Learning from the lessons of the application of the Moscow Mechanism, we see that the release of the OSCE reports led in the past to such actions as monitoring of trials by ODIHR, prison visits by diplomats, country visits by high-level OSCE representatives, appointment of ad hoc OSCE envoys, establishment of working groups and special representatives in the OSCE Parliamentary Assembly, placing the situation on the agenda of the UN Human Rights Council and the UN General Assembly with production of reports and adoption of resolutions, establishing a mandate of the UN country rapporteur, using conclusions and recommendations of the OSCE report for adopting conditions and benchmarks in taking decisions on trade and economic relations with the state in question, including application of restrictive measures, as well as in strategies of international financial institutions. These and similar types of follow-up actions are aimed at monitoring the situation in the country and keeping it in focus of international attention until tangible progress in the human rights and rule of law is achieved.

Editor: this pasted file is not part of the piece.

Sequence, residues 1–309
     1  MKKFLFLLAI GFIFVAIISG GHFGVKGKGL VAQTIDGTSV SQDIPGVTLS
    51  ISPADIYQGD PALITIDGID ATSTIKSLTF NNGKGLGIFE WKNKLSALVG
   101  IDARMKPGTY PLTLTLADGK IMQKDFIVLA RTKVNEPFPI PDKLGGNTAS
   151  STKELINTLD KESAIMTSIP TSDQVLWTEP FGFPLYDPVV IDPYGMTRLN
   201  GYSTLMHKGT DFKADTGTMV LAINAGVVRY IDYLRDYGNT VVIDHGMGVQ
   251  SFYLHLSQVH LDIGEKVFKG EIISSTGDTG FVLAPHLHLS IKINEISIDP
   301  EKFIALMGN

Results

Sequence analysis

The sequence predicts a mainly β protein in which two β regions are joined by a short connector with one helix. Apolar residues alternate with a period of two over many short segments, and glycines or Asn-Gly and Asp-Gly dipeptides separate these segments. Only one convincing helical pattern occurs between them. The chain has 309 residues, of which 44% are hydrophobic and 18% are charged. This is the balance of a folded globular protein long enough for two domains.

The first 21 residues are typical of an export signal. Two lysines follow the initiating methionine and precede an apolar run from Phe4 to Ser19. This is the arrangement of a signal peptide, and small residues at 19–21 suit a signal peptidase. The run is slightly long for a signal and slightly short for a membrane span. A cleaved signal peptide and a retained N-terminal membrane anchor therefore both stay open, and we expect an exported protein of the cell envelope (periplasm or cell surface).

Making the recommendations work will be not easy, given the Belarusian government’s refusal to cooperate with the Moscow Mechanism and the OSCE rapporteur and the government’s long record of violations. This means that all OSCE participating States concerned, especially the 17 invoking States, should embed implementation of the report’s conclusions and recommendations in their policies and programmes in respect of Belarus and consider applying a wide array of political and economic tools in their bilateral relations to compel the Belarusian government to cooperate in the implementation of the recommendations. Likewise, OSCE institutions should include a follow-up to the report in their programmes, including monitoring, legislative assistance, and capacity building. In its turn, OSCE Parliamentary Assembly needs to find an effective way to contribute to the process. Finally, OSCE Chairmanship and OSCE Troika have a particular role to play as they have the biggest political and diplomatic weight and responsibility.
Multilateral cooperation and coordination are essential. Therefore, all participating States concerned and OSCE bodies need to actively engage with actors outside the OSCE such as the UN bodies, the Council of Europe and its Venice Commission, the EU and its institutions, international financial institutions, and other international bodies such as, for example, sports, culture, trade union and professional associations. All international relations with Belarus should be treated and transformed, if needed, through the lens of the conclusions and recommendations of the OSCE report.